Is a Fitbit a reliable way to track sleep?

With the growing popularity of fitness watches that track personal data, including sleep, more people are using the information to inform choices about their health.

But is this information really accurate? And can it be helpful to doctors?

Professor Sean DrummondA new study by Monash University researchers, in collaboration with researchers from SRI International’s Center for Health Sciences in California, USA, has found the sleep monitoring capacity of one model of Fitbit watches may be just as effective as a research-grade actigraph – the accepted standard for measuring sleep outside of laboratory settings - in almost every way.

“Increasingly, individuals with sleep difficulties turn to consumer sleep trackers to gain insights into their sleep,” said lead researcher, Professor Sean P.A. Drummond, from the Turner Institute for Brain and Mental Health.

“Clinically, patients often show up at sleep disorders clinics with output from such devices hoping their doctor can make sense of it.”

The researchers collected sleep data from 25 people - previously confirmed through an in-laboratory sleep assessment to have chronic insomnia - using the consumer Fitbit Alta HR and the validated research-grade Actiwatch Spectrum Pro. The data was collected in the patients’ homes for one week before they received insomnia treatment and again for a week after treatment.

Researchers  compared how well the  Fitbit and Actiwatch tracked key sleep outcomes - including sleep time, sleep latency, sleep efficiency and wake after sleep onset.

“Overall, the Fitbit Alta HR performed equally well to the research-grade actigraph in almost every way,” Professor Drummond said.

“Fitbit Alta HR can measure sleep in someone with insomnia just as well as the research grade device commonly used.”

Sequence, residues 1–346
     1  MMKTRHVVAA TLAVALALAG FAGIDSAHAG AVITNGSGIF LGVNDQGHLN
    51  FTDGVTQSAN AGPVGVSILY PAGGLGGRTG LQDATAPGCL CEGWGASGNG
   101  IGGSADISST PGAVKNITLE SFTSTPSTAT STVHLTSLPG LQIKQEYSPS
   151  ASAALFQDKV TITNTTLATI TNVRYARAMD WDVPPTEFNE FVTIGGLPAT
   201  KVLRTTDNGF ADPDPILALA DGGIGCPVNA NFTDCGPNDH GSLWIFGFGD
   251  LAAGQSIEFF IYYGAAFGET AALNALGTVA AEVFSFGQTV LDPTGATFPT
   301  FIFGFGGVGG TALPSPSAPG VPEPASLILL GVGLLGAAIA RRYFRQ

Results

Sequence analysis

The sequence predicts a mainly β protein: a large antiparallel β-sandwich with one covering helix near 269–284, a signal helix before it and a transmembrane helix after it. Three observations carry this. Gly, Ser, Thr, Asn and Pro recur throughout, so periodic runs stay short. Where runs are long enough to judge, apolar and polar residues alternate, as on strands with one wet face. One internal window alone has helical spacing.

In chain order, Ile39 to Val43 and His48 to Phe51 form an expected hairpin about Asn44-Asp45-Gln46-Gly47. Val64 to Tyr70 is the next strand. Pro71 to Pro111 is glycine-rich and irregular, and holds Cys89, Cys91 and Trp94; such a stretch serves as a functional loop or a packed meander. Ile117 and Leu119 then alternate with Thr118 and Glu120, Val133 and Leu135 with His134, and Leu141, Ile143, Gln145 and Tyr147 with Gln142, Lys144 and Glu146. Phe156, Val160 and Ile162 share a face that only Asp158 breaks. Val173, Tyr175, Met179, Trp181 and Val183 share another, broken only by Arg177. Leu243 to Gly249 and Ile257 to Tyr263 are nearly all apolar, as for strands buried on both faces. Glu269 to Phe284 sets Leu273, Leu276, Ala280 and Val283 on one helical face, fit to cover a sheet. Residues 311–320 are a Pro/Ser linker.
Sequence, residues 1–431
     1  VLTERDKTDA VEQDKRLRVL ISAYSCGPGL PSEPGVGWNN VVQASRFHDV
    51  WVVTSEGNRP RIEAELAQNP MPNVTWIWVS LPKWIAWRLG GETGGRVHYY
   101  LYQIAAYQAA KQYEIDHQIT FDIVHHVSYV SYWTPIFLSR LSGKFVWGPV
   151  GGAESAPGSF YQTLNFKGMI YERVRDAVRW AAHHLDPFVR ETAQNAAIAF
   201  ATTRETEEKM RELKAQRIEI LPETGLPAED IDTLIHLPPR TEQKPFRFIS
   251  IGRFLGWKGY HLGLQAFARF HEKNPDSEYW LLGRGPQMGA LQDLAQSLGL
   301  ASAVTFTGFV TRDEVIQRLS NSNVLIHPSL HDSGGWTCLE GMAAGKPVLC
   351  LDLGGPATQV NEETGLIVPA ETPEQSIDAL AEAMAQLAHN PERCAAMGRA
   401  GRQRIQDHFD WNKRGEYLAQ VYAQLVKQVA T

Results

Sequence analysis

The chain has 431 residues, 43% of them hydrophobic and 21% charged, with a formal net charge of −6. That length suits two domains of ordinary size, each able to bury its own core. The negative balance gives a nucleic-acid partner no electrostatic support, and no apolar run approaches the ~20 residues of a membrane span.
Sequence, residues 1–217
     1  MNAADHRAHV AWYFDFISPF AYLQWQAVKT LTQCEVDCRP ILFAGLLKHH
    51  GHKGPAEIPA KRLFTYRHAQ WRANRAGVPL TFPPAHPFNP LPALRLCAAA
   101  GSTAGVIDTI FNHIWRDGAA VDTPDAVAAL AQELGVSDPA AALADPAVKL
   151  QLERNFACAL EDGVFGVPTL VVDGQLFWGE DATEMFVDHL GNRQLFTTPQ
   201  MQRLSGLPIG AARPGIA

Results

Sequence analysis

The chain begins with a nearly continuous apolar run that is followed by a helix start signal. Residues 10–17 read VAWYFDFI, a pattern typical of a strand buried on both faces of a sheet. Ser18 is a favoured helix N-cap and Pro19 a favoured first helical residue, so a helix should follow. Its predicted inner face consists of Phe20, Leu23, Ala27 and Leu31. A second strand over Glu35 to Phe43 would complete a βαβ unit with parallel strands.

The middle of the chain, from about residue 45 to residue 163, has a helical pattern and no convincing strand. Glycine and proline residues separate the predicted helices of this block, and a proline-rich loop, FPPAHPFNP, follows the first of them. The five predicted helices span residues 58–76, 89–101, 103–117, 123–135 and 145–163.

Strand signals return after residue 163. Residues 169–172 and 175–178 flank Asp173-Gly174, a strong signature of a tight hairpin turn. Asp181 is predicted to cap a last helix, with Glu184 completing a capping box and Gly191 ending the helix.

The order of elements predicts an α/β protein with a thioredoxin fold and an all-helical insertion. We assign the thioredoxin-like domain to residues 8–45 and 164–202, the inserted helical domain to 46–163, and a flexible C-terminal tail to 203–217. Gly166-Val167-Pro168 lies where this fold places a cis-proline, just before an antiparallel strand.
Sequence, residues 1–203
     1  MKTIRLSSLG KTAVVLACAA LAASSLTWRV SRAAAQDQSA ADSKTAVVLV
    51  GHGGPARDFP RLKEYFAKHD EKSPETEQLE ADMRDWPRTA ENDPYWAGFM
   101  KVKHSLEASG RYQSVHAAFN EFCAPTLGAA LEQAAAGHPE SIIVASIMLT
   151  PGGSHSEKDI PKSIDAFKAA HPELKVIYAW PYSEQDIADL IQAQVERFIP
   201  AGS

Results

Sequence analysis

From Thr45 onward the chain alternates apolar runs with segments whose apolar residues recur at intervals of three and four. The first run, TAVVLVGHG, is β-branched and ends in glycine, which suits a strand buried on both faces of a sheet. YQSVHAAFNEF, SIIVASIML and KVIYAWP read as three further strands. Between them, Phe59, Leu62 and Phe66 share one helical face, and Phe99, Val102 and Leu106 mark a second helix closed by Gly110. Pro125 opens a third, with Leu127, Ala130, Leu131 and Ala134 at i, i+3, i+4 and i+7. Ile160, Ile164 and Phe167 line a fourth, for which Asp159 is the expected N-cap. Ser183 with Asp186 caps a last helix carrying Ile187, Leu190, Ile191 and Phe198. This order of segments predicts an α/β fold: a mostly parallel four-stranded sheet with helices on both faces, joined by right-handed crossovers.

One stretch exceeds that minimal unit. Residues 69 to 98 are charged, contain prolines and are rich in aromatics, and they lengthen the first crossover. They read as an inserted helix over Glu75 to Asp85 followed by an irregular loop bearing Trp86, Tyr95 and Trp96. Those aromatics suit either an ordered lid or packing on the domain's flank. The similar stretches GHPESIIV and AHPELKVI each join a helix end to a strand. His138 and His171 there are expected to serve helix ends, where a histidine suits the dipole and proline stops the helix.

“This study demonstrates the potential clinical utility of a consumer sleep-tracking device, but many people – not just those with insomnia – are interested in tracking their sleep patterns as a means to improve their sleep and health,” said Massimiliano de Zambotti, Ph.D., from the Human Sleep Research Program at SRI International.

“This is the first research comparing a commercially-available sleep tracker such as the FitBit against a research-grade tracker over two weeks in participants’ home environments, and it shows that the commercial tracker can indeed provide reliable, useful information.”

The researchers caution there were some limitations. Professor Drummond said as insomnia symptoms got worse, the Fitbit became less accurate - the Fitbit thought the person was asleep, when they were just lying still.

Neither device was useful in making a diagnosis of insomnia or in tracking treatment outcomes, he said.

The study, published in the Journal of Sleep Research, concluded: “Both researchers and health professionals may consider the use of this (Fitbit) device as an alternative to the more expensive research-grade actigraphs.”

“Further work is needed in research settings, clinical settings and consumer settings to ensure appropriate data interpretation.”